James H. Rowan
Dates of Service: 9/4/1849 - 9/18/1849
Birth Date: 7/23/1806
Death Date: 4/29/1964
James Rowan was born in Schenectady, New York on July 23, 1806. He was warranted a midshipman on August 19, 1823. He first served on the sloop of war Ontario in the Mediterranean Squadron, and then on the frigate Cyane. This was followed by assignment to the sloop-of-war Hornet in the West Indies Squadron to suppress piracy. Later, as a passed midshipman, Rowan served as sailing master of the schooner Experiment on the East Coast. In 1835, he was promoted to lieutenant and sent to the sloop-of-war Natchez in the Brazil Squadron. From 1840 to 1842, he sailed the Mediterranean aboard the frigate Brandywine. He transferred to the frigate Potomac in the Home Squadron, and then to the screw steamer Princeton, where he saw service in the Mexican War.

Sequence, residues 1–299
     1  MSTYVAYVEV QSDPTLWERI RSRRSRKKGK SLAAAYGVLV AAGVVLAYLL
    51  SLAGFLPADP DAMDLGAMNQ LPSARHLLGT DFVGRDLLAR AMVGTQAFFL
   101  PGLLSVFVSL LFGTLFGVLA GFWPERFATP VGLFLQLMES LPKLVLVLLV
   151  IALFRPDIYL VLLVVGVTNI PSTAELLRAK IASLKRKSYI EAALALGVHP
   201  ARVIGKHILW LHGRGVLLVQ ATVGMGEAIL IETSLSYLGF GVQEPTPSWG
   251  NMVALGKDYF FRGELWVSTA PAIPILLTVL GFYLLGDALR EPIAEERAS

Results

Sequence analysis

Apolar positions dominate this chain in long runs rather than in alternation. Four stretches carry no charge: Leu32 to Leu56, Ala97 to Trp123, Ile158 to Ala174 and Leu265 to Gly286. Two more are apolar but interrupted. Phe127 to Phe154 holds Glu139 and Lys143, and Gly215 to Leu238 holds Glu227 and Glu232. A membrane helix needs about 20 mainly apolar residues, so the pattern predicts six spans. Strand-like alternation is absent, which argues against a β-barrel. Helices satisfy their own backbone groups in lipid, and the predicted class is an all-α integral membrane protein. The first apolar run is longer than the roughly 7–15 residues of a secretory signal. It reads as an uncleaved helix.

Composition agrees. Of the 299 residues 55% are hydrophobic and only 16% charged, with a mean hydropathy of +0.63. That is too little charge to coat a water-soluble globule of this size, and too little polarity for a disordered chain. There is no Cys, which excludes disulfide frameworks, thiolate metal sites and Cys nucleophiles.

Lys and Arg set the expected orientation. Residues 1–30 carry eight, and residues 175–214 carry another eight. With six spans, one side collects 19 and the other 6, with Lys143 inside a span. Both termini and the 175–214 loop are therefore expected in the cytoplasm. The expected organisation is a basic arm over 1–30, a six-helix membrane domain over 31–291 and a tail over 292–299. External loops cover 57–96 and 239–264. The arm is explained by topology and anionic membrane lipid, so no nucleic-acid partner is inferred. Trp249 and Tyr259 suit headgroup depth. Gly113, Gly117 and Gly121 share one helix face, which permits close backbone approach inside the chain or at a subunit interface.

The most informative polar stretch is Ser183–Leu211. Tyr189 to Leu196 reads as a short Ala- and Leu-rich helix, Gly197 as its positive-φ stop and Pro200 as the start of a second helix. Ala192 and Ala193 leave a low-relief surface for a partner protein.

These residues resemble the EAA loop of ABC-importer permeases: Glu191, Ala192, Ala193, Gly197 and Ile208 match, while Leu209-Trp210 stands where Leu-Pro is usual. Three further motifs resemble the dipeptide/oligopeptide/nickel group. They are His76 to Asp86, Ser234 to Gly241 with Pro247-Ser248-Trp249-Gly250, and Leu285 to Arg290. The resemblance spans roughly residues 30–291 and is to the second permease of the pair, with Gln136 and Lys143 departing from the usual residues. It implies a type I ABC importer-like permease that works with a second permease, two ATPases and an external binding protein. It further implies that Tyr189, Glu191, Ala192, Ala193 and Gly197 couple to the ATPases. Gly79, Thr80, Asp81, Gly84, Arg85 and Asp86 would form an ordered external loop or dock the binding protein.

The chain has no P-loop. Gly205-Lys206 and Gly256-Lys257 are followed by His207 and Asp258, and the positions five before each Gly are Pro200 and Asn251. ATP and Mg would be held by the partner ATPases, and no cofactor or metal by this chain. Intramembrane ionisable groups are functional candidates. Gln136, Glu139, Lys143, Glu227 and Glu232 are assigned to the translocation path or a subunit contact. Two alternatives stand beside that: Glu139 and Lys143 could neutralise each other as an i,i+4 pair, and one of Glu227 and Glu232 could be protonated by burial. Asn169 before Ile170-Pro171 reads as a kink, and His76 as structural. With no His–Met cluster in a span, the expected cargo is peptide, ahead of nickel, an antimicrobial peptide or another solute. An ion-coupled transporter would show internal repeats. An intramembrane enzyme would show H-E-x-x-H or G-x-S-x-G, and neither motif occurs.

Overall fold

Rowan reported to Constitution in Boston on September 15, 1848 to serve as first lieutenant. The ship sailed to the Mediterranean to protect American commerce, especially around Italy, which was then in the midst of a revolution. Captain John Gwinn fell ill during the summer of 1849 and died on September 4 while Constitution was at Palermo, Sicily. Rowan assumed command and, after interring his predecessor ashore, sailed the ship to Naples. There, the squadron commander ordered a more senior officer to relieve him on September 18. Rowan resumed his duties as first lieutenant and remained on the ship until she was decommissioned at Norfolk, Virginia, in January 1851.
In September 1855, Rowan was promoted to commander, and in 1856 he was ordered to command the brig Bainbridge, then newly returned to Norfolk, Virginia from the Brazil and African Squadrons. The ship, however, was decommissioned that September and placed in ordinary. Rowan was dismissed from the service on January 23, 1857. He died on the morning of April 29, 1864 after a short illness and was buried at New York City’s Trinity Church.
Courtesy Naval History & Heritage Command